Susan Williams writes about a discussion with Marty Pentz about masculinity, archetypes, and NWTA.
A New Masculinity
By Susan Williams
Moving away from achetypes to a 'more inclusive societal framework'
As life changed dramatically for women during the late 1900s, it also changed for men. So, on the heels of "feminism" comes "new masculinity."
Marty Pentz, an assistant professor of social work at Indiana University East, researches men's issues, among other topics.
What is "new masculinity?"
"It is basically an attempt to leave dominant patriarchy and move to a more inclusive societal framework," said Pentz. He refers to Robert Moore and Douglas Gillette's book, King, Warrior, Magician, Lover: Rediscovering the Archetypes of the Mature Masculine, in discussing archetypes, new masculinity and the mature male, but emphasizes there are other archetypal patterns as well.
"An archetype, according to Webster's, is an original pattern or model from which other things of the same kind are made," said Pentz. "In individual people, the archetypes are derived from the experience of the human race and are present in the unconscious of the individual.
"The mature male is one who has integrated Moore and Gillette's four archetypes--the king, warrior, magician, lover--and continues to confront the destructive shadow side of each. The mature masculine of each archetype is toward the center of two opposite and destructive poles, one active and one passive," Pentz explained.
"For example, the mature king energy integrates the tyrant and the weakling and the mature warrior integrates the sadist and the masochist."
Pentz has researched and participated in the New Warrior Network, now called the ManKind Project Network (MKPN). The program features an introductory workshop--New Warrior Training Adventure (NWTA)--which refers to these four archetypes.
"The New Warriors grew out of a discussion of three men over ten years ago--Ron Herring, a therapist; Bill Kauth, a therapist and member of the mythopoetic men's movement; and Rich Tosi, a former Marine captain. They believed that men needed more masculine ways of dealing with feelings and that they needed to do this together."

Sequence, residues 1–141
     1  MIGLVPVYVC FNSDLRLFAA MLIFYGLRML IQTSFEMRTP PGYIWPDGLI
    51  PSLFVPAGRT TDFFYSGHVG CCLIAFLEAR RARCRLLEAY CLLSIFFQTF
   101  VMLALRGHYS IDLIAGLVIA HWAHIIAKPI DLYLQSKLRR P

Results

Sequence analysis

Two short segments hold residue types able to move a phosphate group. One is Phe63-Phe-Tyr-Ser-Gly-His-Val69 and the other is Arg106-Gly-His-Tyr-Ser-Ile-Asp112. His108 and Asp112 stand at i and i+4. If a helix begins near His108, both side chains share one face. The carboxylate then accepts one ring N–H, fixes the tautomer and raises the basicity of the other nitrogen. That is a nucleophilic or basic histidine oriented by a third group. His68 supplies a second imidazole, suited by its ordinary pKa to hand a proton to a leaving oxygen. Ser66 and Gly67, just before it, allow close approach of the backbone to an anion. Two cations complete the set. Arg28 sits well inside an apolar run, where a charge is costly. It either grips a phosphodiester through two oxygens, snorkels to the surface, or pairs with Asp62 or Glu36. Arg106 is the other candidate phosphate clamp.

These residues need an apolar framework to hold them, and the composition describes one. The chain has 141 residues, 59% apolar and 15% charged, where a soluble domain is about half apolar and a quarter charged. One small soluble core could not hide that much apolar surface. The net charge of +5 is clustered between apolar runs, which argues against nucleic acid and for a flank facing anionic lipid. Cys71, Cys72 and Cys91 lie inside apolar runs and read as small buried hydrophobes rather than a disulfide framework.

According to Pentz, New Warriors attempts to help participants integrate the archetypal polar extremes by using techniques such as Jungian psychology, visualizations and aspects of gestalt therapy during the introductory weekend and in an ongoing training group. The weekend also uses rituals and rites of passage."The rite of passage has been historically an important cultural and individual developmental milestone and is mostly absent in modern culture," said Pentz. "Rites of passage provide recognized paths across the boundary separating childhood and adulthood, and when completed, the participant is recognized as an adult by his or her culture.
"The confirmation in the Christian religion, and the bar and bat mitzvahs of Judaism are currently active rites of passage," he continued. "They are done in the early teens, however, an age that is not recognized as adult in our society.
"The discontinuation of rites of passage results in a lack of connection between our youth and the rest of society."
In The Power of Myth, the late Joseph Campbell and Bill Moyers discussed this issue, writing about "the news of the day, including destructive and violent acts by young people who don't know how to behave in a civilized society." They go on to write, said Pentz, that often inner city youth "have their own gangs and their own initiations and their own morality, and they're doing the best they can. But they're dangerous because their own laws are not those of the city."
"This reflects an issue social workers see on a daily basis--men who have no connection to an ethic or morality other than 'what I want is right' and an ethic that says, 'I can get what I want any way I want it,'" said Pentz, who believes there are social policy and practical implications to be found in programs such as New Warriors.
"We need to study the possibility of programs to initiate young men into a 'mature masculinity' that is nurturing and loving and encompasses Smurl's five aspects of ethics and morality theory--self-cultivation, truth telling, promise keeping, beneficence or love and justice."